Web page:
Funder Activity Approaches Early Pandemic Levels
Nonprofits report a rebound in their donation fortunes in early 2022, after a pullback in 2021 from the heightened generosity of 2020 during the early months of the pandemic. That said, funding levels aren’t where they were during the early pandemic months, according to the 2022 Nonprofit Technology Trends Report, a white paper from San Jose, Calif.-based financial services and management firm Sage Intacct.
During the early part of 2022, some 44% of respondents had increased revenue compared to the previous year’s level, with another 20% reporting revenue on par with 2020, leaving just more than one-third with lower revenue than previously reported. Those figures represent a marked turnaround from early 2021’s results, when 58% reported a decrease in revenue. That said, they don’t reach the levels of 2020, when only 20% of respondents reported revenue drops.
Among those experiencing revenue growth, there’s a pretty good chance the jumps came from Uncle Sam. Just shy of 40% of respondents said government funding had increased in the most recent survey, compared with less than 20% in 2020. Foundation giving remained more or less at the same level between 2020 and 2022, while individual giving and corporate giving, both of which had dipped in 2021, have rebounded to almost their early pandemic levels.
This is not to say others haven’t been doing their part. Both total donor bases and average gift sizes shrunk in 2021, following a variety of conditions (lack of options for disposable income, a perceived greater need) in 2020 that significantly inflated both these. As of early 2022, these two categories were also approaching their early pandemic levels from two years earlier.
Nonprofits are making good use of this additional largesse. During the first part of 2022, 42% of respondents said their organizations’ participation in programs had increased, a 10-percentage point increase from 2021, albeit still not up to the 51% reported in early 2020. The total number of programs had rebounded from the 2021 lows as well.
The socially-distanced nature of nonprofit operations has caused these organizations to increasingly rely on social media for constituent connections. In 2020, 65% of respondents said they had a social media strategy. By the beginning of this year, that had grown to 71%, with an additional 16% considering such strategies.
While websites are still the primary means for sharing mission achievement, with more than eight in 10 nonprofits doing so, three-quarters of these organizations were using at least one form of social media strategy – a significantly greater number than the 63% relying on newsletters or the 60% that use email.
The changes in fortunes have shaped how nonprofits are telling their stories. During the most recent survey, 77% of respondents said their financial teams played a role in how organizations told their impact story, compared with 74% last year and 64% in 2020. As the report authors noted, financials are becoming an increasingly important aspect of how an organization demonstrates mission impact.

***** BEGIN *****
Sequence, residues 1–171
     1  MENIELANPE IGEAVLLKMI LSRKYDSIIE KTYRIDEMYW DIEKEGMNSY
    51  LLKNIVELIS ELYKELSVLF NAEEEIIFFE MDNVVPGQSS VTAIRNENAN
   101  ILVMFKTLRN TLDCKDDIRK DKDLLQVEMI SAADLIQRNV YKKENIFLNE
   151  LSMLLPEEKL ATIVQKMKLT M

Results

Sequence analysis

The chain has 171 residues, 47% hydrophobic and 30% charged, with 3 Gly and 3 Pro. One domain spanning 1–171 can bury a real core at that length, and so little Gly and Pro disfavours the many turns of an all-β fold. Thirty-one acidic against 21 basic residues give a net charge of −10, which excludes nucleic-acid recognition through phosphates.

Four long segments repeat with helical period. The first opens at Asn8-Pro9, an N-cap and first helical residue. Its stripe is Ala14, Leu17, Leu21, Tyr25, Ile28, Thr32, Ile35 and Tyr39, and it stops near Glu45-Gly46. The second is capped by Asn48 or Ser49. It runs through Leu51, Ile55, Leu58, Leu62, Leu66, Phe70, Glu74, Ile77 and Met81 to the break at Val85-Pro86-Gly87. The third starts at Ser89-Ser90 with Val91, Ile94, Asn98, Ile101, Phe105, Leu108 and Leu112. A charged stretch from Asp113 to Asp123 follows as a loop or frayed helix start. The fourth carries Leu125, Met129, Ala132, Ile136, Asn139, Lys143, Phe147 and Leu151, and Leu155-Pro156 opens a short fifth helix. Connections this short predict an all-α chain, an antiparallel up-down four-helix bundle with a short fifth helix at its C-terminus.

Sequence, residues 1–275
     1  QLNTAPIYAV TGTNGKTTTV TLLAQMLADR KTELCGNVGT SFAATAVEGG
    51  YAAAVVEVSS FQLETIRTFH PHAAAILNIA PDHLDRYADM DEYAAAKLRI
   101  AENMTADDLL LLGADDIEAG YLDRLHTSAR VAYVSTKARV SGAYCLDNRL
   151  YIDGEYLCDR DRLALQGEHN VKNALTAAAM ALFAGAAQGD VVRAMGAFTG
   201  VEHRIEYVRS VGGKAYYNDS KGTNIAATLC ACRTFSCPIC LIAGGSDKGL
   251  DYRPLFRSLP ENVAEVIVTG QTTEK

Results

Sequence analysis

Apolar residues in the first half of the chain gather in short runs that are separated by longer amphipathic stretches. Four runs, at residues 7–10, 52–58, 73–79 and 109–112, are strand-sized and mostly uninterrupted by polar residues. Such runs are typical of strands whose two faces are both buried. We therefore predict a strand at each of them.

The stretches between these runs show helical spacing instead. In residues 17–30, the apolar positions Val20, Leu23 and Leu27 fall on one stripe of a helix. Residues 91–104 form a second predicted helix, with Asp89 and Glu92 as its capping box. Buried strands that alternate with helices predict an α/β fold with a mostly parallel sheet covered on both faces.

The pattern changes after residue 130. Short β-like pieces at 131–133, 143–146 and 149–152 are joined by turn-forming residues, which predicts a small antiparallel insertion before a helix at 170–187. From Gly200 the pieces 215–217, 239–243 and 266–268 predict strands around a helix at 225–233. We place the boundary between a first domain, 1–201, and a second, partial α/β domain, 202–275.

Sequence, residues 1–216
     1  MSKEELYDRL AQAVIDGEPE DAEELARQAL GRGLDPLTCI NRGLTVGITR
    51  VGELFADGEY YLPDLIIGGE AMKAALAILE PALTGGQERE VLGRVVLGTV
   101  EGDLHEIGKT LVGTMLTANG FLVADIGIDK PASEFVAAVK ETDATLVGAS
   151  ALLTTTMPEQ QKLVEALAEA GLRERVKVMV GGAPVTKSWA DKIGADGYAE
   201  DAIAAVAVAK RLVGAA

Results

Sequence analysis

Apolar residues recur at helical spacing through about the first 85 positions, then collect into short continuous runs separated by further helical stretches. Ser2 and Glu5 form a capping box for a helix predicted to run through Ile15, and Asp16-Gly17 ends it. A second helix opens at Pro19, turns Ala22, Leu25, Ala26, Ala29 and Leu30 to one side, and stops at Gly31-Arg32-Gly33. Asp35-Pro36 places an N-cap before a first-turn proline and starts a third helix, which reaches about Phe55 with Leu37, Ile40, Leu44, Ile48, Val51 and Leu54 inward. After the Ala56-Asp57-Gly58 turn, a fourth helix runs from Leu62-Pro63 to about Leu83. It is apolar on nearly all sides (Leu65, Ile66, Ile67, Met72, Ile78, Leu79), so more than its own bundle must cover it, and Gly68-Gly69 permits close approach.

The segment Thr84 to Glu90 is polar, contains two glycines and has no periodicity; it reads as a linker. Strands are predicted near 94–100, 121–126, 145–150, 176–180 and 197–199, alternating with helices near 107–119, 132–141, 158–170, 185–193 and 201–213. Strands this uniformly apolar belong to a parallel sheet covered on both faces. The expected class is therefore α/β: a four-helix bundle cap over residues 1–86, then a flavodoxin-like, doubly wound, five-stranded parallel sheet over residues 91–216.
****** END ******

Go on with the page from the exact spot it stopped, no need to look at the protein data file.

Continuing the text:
Nonprofits managers are casting a woeful eye toward one fundraising channel still largely in doubt: in-person events. Seven in 10 said uncertainty around their ability to host such events was an external source of frustration — the top reason cited. Another 50% mentioned program disruptions, while 35% mentioned increased demand for their services and 30% indicated the loss of a volunteer workforce.
Internal concerns seemed to be tied to frustrations about technological capabilities, especially those exacerbated by remote work. In 2022, the top challenge mentioned was lack of process automation and organizational efficiency, followed by 35% mentioning manual, time-consuming reporting. Just more than 20% cited lack of real-time visibility into metrics and performance, and a similar percentage indicated inefficiencies and delays due to multiple, disparate systems.
Nonprofit managers have a seemingly clear picture regarding what they want in their next-step financial management systems. More than 70% seek the ability to automate financial reporting, while half would welcome the ability to manage multiple funds through fund accounting. A similar percentage want the ability to integrate their financial management systems with other systems, and just over four in 10 would like the ability to automate tracking and reporting of outcome metrics.
Sage Intacct based its findings off more than 900 responses from nonprofits leaders to its survey. The majority of the organizations (85%) completing the survey were midsize nonprofit organizations in the United States with annual revenue of less than $24 million. The respondents represented a variety of nonprofit cause areas including human services (22%), education (18%), community improvement (15%), healthcare (14%), and faith-based (12%). The most frequent titles of respondents were executive director, chief financial officer, and chief executive officer. More than 44% of respondents represented the C-suite level at their organization, up from 27% of respondents last year. Other survey participants identified themselves as controller, director of finance, accounting manager, and vice president of finance and administration.